Servage Magazine

Information about YOUR hosting company – where we give you a clear picture of what we think and do!

Understanding the basics of AJAX

Wednesday, November 26th, 2014 by Servage


The term AJAX means “Asynchronous JavaScript and XML”. It describes a standardized process of exchanging data between a client’s browser and the server’s back-end asynchronously in relation to the page load. Originally this was intended to be XML data, but today this could essentially be any data format. Hence AJAX mainly references the “asynchronous” and “JavaScript” parts of the abbreviation when talking about it today.

Browser compatibility

AJAX processes are supported by all major browsers today and has effectively become a common way of working with interactions between JavaScript and back-end systems. It is implemented via the XMLHttpRequest object in the browsers’ JavaScript interpreters but often used indirectly via wrappers. This post will be using AJAX via the popular jQuery framework, because it offers a great and transparent implementation that is cross browser compatible. You will see a chronological example of AJAX usage:

  1. Create an asynchronous client-side HTTP request to the server via JavaScript.
  2. Generate a server-side JSON response with PHP.
  3. Process the response with JavaScript and manipulate the DOM of the current page.

The example updates a DOM element based on a value send from the server. Please note that the sample code below are excerpts and that jQuery is required.

Client-side request

The following JavaScript code creates an AJAX request with jQuery to the server’s back-end.

var request = $.ajax({
  url: '/api/get-value',
  type: 'GET',
  data: {
    foo: 'bar',
  dataType: 'json',

We also declare a "fail" callback function to be executed if the AJAX request to the server fails. function( jqXHR, textStatus ) {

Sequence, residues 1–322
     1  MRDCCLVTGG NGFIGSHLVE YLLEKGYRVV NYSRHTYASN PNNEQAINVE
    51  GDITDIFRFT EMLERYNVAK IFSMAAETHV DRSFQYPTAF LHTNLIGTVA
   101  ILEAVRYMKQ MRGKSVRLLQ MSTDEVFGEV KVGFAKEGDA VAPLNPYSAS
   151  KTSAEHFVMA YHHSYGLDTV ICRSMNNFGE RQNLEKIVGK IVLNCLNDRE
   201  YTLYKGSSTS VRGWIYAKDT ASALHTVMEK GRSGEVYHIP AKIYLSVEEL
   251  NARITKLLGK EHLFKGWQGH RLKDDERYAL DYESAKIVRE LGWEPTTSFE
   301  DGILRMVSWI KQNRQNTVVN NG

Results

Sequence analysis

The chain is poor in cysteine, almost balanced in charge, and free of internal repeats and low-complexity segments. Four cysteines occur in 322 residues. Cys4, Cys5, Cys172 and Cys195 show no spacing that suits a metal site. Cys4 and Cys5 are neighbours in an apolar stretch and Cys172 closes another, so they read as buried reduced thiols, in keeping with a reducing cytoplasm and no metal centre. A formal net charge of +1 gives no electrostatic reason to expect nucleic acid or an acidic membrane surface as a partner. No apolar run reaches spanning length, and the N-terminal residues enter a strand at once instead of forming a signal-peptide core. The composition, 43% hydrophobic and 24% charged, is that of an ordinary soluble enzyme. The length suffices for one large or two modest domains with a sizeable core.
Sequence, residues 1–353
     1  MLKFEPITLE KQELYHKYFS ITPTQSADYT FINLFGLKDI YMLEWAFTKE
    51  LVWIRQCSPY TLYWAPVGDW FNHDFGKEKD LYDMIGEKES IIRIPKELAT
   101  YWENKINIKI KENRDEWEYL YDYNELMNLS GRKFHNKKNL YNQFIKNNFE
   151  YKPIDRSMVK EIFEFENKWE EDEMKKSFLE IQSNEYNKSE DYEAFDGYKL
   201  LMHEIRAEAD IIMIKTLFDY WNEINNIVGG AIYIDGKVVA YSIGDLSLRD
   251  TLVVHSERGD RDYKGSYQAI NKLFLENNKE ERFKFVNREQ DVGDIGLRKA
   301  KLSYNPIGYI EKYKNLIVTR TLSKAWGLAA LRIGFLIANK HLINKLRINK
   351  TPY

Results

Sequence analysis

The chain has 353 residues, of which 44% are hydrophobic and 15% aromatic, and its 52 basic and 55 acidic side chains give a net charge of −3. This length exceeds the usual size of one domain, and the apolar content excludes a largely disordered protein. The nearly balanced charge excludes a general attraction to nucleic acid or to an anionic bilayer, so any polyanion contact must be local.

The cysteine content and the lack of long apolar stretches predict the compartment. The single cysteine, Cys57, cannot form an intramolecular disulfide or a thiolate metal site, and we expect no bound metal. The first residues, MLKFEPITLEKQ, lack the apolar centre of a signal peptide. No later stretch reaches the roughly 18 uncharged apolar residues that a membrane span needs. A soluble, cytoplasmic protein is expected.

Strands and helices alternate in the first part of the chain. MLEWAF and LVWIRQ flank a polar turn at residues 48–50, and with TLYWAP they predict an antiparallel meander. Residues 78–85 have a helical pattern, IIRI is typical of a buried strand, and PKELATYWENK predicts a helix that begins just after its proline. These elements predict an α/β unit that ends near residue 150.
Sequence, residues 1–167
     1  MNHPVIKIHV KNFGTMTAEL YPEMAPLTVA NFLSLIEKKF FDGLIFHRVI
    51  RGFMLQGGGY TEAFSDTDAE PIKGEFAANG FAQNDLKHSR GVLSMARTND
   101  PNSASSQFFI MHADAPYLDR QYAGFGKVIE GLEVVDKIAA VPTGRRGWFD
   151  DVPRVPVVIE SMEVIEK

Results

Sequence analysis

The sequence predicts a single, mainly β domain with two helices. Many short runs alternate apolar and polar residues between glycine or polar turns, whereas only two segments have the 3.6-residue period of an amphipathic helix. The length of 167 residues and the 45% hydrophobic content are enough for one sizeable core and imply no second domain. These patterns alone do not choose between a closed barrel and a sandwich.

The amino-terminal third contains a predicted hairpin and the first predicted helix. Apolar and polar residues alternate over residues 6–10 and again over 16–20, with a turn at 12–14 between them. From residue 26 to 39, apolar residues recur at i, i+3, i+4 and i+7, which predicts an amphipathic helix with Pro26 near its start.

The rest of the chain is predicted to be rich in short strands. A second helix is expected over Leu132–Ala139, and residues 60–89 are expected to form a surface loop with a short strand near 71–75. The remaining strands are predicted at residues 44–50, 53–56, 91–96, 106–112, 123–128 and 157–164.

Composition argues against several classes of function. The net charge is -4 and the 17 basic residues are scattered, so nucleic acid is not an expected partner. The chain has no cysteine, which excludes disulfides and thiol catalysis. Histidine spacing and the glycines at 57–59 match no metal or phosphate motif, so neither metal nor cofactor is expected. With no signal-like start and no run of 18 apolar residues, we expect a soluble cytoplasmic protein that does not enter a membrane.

alert( "Request failed: " + textStatus );

Server-side response

The following PHP code creates a sample JSON response.

$response = array(
  'value' => 'The new value',  

echo json_encode( $response );

The JSON response then looks like:

  value: 'The new value',

Client-side callback

The JavaScript also needs to know what to do with the response. In this example we want to update a specific DOM element with the returned value. Therefore we use jQuery to select that specific DOM element and replace the element’s inner HTML with the returned value.

var element = $('#myValueContainer');

request.done( function(response) {
  element.html( response.value );

Note how the “done” callback is defined in the same way as the “fail” callback used earlier.

AJAX is a cornerstone in modern web applications

The example above is literally just an example of a simple process. This could essentially be used for any kind of data exchange, thus opening up an endless amount of options. All major web sites and apps use AJAX to enrich their site with great features, thus improving the user experience and turning old-fashioned static HTML pages into modern web applications. You can build web applications from the ground up using own or ready to use JavaScript frameworks. The main advantage is instant cross-platform compatibility, so you don’t need to develop specifically for each platform like native app developers do. On the other hand you may also just enrich an existing site by adding AJAX functionality step by step. Most apps are suitable for a web-based version, but as soon as you consider building resource-intensive functionality (often found in games) you may need the platform specific APIs, thus considering a native app instead. Until then AJAX is your friend :-)

References & more reading

Understanding the basics of AJAX, 5.0 out of 5 based on 3 ratings
You can follow any responses to this entry through the RSS 2.0 feed. You can leave a response, or trackback from your own site.

No comments yet (leave a comment)

You are welcome to initiate a conversation about this blog entry.

Leave a comment

You must be logged in to post a comment.